There are times when I would like to discuss a topic, but it might be too short or too long to put into a podcast episode. A blog allows me to address these things as well as providing a different medium for the podcast information.
A great example of something that was timely, but wasn't enough info for a full episode was when, recently, Weight Watchers decided to provide free memberships to teens. This is such a problematic thing, but many people, medical providers included, might not consider the long term ramifications of starting a food restriction program during a period of significant body changes. Weight Watchers has spent a long time creating a reputation of being a "lifestyle" change. It has become their brand. Because of this, it can be difficult to see that they are still a restrictive diet. I will grant that they have become less restrictive, but there is still a focus on certain foods being "allowed" freely and other foods only being "allowed in certain qualities, i.e. however many points the person has in that day.
The main issue with a point system is that it does not allow for people to stay in touch with their bodies hunger and satiety signals. People who eat according to internal cues tend to have fewer issues around food, tend to be weight stable (often at lower weights, but not necessarily), and are more relaxed and flexible around food, which can lead to eating more of a variety of foods. People who are lead by external food cues, such as point systems, tend to be more anxious around food, may be more prone to weight cycling, and, for those who are susceptible, may develop eating disorders. Additionally, many diets and "lifestyle changes" moralize food, separating it into "good" and "bad" foods. Doing this creates guilt and shame around eating, which is unhealthful.
Additionally, because significant, sustainable weight change is nearly impossible, when someone focuses on it in a program such as Weight Watchers, the individual is ultimately going to fail. When people regain the weight they have lost, as the majority end up doing, they will often feel shame around it, causing them to be less likely to continue any healthful habits they may have started, and often leading to continued dieting/weight cycling. The individual does not realize that the diet is the failure, not them.
This is what can happen with adults on even fairly flexible plans such as Weight Watchers. Teens to not have the cognitive maturity to understand the finer points of dieting and weight cycling. There is often a great deal of external pressure on them to look a certain way and weight is a significant part of that. Something that many teens and parents do not know, and maybe something that medical providers forget, is that it is normal for teens to gain 30-40 lbs (13-18 kgs) as they mature. For girls, this is particularly important as they enter their fertile years. Young women who do not gain sufficient weight, or who end up with an eating disorder, can end up infertile as adults. Even young women who are larger in size can have their fertility affected by not eating sufficient calories and variety of foods. Another thing to consider is that larger teens who are susceptible to eating disorders are less likely to be diagnosed early, which may lead to significant health issues.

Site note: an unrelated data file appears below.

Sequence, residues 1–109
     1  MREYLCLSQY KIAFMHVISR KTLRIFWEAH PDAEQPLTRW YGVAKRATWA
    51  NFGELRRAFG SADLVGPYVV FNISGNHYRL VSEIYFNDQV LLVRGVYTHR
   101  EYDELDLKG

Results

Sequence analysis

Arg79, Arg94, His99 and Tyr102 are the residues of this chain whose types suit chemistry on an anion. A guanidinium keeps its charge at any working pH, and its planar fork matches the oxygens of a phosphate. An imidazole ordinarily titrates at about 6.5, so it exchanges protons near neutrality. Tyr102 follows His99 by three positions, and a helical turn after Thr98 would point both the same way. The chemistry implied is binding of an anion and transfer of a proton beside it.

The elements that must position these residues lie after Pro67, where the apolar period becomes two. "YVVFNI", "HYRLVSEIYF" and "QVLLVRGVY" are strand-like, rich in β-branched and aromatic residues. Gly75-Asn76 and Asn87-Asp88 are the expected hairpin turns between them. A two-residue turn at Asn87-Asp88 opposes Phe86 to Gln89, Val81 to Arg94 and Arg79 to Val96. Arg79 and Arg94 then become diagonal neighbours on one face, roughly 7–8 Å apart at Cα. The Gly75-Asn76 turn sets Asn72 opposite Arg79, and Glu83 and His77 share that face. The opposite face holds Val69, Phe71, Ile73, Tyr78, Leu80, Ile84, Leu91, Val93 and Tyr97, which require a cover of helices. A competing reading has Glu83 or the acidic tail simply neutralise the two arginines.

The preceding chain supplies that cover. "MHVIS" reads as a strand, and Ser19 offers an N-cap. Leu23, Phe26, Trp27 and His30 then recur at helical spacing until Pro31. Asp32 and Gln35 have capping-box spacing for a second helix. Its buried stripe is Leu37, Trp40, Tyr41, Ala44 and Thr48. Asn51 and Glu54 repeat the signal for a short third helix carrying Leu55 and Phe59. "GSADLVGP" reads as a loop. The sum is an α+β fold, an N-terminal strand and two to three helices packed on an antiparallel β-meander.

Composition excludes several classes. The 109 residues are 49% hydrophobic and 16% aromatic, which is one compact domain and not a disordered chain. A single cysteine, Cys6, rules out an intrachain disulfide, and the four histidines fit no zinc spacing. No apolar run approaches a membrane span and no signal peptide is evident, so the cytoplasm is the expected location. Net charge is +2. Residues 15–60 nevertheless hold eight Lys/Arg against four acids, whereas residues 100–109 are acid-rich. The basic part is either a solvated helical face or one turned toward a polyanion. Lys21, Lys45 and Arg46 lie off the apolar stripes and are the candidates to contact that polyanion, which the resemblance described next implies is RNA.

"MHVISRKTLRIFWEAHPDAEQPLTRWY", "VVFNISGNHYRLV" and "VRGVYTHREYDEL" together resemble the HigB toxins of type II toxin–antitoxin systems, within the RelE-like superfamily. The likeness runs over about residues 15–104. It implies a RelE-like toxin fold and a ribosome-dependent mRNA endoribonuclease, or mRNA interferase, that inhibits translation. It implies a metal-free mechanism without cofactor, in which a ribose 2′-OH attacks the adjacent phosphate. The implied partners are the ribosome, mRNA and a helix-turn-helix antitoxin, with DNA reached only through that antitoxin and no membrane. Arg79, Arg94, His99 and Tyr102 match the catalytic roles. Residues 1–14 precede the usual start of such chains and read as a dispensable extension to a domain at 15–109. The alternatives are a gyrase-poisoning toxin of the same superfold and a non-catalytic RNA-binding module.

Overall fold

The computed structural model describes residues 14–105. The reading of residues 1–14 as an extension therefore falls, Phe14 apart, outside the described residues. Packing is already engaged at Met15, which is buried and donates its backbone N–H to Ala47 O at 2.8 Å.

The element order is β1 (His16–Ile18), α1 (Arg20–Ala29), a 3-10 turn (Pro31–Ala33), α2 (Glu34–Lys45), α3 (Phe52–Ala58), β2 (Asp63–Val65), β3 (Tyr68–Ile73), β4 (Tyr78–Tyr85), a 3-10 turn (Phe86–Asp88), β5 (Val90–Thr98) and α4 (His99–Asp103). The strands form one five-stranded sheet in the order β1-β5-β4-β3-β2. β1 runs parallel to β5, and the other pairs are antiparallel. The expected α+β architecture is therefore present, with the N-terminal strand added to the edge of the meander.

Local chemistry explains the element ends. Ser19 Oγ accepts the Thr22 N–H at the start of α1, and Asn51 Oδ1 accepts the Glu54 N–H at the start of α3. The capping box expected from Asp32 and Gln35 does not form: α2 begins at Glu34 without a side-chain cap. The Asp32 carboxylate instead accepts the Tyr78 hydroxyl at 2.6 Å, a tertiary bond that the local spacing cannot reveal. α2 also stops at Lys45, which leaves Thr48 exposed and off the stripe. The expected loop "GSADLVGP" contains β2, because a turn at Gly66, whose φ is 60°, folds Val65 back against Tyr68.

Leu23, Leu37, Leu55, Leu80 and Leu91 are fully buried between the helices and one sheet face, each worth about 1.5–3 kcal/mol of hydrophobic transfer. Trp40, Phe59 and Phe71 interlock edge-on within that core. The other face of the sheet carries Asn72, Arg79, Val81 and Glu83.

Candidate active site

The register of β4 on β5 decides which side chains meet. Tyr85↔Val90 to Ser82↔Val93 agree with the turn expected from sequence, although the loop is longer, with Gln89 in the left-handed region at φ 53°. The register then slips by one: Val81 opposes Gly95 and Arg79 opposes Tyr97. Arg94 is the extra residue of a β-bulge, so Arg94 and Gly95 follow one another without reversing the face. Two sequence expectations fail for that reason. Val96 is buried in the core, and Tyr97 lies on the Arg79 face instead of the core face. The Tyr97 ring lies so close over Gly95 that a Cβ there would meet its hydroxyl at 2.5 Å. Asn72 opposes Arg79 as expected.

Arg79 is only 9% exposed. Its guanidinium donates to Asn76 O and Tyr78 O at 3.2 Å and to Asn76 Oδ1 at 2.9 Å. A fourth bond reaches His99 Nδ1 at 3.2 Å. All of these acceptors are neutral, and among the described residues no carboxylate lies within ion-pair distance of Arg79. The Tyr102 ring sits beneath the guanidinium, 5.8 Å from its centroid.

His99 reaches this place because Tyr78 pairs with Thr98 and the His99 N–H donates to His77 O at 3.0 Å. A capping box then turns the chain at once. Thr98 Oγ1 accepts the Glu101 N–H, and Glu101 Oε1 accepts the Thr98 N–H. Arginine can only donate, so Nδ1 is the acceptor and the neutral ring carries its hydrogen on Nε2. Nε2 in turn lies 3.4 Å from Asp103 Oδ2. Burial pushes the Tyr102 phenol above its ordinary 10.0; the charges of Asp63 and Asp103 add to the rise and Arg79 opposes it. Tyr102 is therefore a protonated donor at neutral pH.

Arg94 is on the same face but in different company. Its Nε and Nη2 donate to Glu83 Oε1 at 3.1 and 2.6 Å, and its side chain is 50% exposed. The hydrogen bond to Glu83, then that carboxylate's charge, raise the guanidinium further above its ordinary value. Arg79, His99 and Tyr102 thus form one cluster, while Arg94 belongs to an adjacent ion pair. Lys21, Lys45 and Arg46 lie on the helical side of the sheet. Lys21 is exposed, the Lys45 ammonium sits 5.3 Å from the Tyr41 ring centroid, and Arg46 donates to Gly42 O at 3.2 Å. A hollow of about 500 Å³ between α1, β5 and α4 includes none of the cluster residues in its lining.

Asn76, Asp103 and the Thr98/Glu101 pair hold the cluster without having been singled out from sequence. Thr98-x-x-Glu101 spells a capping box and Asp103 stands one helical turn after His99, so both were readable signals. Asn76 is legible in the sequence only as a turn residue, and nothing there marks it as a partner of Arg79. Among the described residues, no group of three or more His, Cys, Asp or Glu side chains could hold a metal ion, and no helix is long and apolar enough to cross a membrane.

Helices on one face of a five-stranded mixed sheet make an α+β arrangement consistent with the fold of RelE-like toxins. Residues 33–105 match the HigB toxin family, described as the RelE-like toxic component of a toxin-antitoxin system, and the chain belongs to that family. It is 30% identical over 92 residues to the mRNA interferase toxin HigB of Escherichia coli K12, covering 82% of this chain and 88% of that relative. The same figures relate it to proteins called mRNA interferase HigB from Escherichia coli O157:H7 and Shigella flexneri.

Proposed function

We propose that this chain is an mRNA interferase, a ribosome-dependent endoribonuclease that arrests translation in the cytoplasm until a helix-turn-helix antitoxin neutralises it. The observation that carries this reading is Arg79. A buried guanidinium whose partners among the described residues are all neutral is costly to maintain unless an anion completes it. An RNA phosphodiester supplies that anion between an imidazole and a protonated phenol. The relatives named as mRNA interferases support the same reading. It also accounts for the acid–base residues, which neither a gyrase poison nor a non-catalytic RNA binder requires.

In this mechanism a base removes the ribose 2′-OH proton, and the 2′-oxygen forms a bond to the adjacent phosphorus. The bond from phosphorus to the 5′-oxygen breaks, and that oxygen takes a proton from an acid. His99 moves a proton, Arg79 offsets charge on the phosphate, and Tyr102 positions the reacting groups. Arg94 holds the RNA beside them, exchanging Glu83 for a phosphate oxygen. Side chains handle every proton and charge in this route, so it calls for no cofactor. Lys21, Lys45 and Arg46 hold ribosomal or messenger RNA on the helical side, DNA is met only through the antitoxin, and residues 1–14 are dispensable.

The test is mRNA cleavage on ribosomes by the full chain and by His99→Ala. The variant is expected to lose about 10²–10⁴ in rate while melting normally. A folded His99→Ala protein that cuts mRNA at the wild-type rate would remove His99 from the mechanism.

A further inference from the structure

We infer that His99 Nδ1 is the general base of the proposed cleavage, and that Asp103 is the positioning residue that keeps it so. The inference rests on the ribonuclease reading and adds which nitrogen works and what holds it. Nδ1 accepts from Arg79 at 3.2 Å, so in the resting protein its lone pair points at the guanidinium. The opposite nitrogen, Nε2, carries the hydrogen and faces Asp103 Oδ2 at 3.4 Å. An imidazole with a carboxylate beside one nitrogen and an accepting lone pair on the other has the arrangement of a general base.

These are all significant things to consider when thinking about weight and teens. Weight Watchers was more interested in their bottom line and long term future customers than the health and wellness of teens. Historically, Weight Watchers has been happy to take money from the parents of children and teens, but their long term results continue to be dismal. Many of those children and teens then return, over and over, to lose and regain weight for decades. Their current ploy seems magnanimous on the surface, free memberships to teens to help them "get healthy", but that is not what it is about.
It is only about money, not health.
In other news, the blog will serve to keep listeners up to date between episodes. I currently need to reduce the frequency of episodes for a while. I plan to continue to do them, but they will not be as regular as they have been. I hope to get back into a schedule, but the podcast takes a lot of time and effort and I need to focus more attention on my business at Watershed Wellness in Portand, Oregon. I am hoping that this information is important enough to everyone to not lose the amazing momentum that we have developed over the past six months!
That being said, stay tuned for another interview in March.